The Broken Mirror? Try the broken gaming budget!

The Broken Mirror pricing? Try the broken gaming budget!

Money is important, without it the game goes away, so Daybreak can hardly be faulted for going back to the expansion plan with its $140 option.

Instead I want to go with how SOE/Daybreak, despite their many mistakes… common enough for me to create a “Because SOE” tag for the blog… and the many dev hours they have squandered over the years on dubious projects that never went anywhere… SOEmote and the SOE Launcher spring to mind, while Legends of Norrath remains in some horrible limbo, neither fully exploited nor completely neglected, just lingering in some middle state… has gained, somewhere along the way, the institutional/organizational knowledge of how important expansions are to keeping their player base engaged with their games… at least their EverQuest games.

EverQuest II, which launched less than a month before World of Warcraft, just had its 12th expansion go live.  Not bad for a game that just turned 11.  Meanwhile, as noted above, EverQuest has had twice that many expansions in its 16 years, 14 of which have been launched during the reign of Azeroth over the MMO universe.

World of Warcraft… five expansions in 11 years, with a sixth set to hit just before the game turns 12.

Now, there are more than a few low cards in that 22 expansion hand that EverQuest is holding.  Some expansions arrived broken or had content of dubious quality… especially so during the rush-rush times when SOE felt the world would end if they didn’t have two expansions out every calendar year… but SOE clearly felt a sense of urgency in getting out content.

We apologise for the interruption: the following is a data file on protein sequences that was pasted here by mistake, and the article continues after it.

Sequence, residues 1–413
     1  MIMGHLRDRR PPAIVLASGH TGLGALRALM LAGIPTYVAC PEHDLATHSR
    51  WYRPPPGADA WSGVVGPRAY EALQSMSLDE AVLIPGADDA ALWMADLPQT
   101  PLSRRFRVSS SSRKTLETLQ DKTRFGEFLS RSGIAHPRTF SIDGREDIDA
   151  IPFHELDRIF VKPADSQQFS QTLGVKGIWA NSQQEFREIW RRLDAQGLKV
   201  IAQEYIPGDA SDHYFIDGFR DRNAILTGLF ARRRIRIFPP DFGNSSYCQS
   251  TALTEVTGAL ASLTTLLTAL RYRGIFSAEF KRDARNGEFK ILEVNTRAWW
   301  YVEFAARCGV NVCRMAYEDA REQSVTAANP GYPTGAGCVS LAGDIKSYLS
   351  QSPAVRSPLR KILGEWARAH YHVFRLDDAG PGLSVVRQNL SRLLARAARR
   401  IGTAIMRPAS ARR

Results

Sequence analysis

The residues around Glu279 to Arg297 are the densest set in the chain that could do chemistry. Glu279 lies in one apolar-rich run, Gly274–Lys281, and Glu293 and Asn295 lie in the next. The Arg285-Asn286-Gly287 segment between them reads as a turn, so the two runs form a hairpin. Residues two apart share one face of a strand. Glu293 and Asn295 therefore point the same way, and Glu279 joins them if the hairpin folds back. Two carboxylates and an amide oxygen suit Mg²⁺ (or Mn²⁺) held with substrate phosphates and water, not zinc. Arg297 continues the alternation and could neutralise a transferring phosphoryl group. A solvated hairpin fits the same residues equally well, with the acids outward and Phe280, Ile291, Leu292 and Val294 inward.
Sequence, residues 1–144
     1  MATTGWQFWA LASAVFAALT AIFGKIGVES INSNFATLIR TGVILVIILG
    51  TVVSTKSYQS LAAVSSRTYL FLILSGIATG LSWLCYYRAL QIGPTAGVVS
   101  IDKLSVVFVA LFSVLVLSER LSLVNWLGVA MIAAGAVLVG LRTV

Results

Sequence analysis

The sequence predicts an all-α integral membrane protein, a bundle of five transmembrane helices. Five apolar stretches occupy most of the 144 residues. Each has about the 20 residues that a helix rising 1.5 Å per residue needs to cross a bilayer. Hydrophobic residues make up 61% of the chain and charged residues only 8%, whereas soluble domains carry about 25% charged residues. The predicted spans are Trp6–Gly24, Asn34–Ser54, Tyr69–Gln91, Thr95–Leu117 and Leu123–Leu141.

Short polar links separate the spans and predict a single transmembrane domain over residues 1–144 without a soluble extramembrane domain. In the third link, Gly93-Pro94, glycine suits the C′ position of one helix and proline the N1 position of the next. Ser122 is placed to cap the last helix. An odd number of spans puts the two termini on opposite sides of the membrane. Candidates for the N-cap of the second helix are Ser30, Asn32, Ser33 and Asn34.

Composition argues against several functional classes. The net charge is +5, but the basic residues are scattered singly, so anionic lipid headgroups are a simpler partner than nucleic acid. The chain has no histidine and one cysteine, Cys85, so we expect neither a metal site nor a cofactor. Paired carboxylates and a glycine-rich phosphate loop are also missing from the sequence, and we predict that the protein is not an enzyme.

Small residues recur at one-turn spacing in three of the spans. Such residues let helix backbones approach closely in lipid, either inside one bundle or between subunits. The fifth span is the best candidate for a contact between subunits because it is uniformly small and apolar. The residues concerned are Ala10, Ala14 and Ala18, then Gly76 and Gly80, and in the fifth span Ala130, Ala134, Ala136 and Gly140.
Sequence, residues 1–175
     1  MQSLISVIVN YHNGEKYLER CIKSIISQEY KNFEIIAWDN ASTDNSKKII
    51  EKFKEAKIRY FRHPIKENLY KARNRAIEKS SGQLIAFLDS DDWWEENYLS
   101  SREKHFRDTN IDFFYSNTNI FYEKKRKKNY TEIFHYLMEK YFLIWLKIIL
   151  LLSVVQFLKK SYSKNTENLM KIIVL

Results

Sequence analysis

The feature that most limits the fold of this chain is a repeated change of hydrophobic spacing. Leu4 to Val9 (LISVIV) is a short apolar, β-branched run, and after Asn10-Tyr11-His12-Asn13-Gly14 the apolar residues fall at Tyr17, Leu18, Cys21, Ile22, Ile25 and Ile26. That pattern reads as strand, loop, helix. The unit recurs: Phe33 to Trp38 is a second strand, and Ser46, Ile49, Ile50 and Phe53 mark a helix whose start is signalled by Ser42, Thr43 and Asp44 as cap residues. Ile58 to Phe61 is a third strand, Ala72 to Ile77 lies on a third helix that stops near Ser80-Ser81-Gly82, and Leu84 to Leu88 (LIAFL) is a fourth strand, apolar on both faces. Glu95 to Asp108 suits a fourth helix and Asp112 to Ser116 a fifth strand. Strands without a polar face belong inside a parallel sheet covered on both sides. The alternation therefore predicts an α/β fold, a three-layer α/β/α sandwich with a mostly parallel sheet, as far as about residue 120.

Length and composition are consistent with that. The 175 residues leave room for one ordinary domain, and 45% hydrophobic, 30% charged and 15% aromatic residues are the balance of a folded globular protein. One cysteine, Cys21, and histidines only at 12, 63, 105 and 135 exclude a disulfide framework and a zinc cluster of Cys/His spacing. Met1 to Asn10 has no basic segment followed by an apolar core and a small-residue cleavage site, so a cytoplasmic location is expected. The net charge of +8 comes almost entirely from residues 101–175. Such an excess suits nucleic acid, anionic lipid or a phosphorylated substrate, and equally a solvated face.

An urgency you never really get from Blizzard.

An expansion a year though, that seems to have worked out as a decent pace for EverQuest.  I think there can be too many content drops.  I think EVE Online is feeling a bit of a pinch with its every six weeks or so expansion pace, in part because now expansions are not special, so there isn’t the big spike of returning players anymore.

No, once a year seems good for Norrath.  It gives the game new content on a regular basis and has allowed enough time for some major features to be added, things like player housing.  Okay, nobody wants that in WoW, but still…

And you can certainly argue against what I am saying by pointing at the success of WoW.  The population of Azeroth is down… way down… down below half of one time peak of 12 million subscribers, with only 5.5 million hanging around now, and that is still an order of magnitude larger than EverQuest’s subscription peak of approximately 550,000 players back in 2004.  Who brings in a billion dollars a year baby?  Not Norrath!

The flip side of that of course is that Daybreak, with a small fraction of the revenue and player base somehow manages to get out an expansion a year.  You would think that Blizzard would have the resources to move a little quicker.

Anyway, there are many complexities in that comparison, not the least of which is the culture of the organization that makes the games.  But WoW is still the cash cow for Blizzard… to the point that I wonder if their move to stop reporting subscriber numbers was as much to blend WoW revenue in with their other games (like they did when they announced the combined revenues of Destiny, Hearthstone, and Heroes of the Storm) as to stop people declaring the game is dead because it isn’t the biggest subscription MMORPG by a large enough margin… so I still wonder at their sometimes glacial speed.

Thoughts for the day as EverQuest launches expansion 22, The Broken Mirror.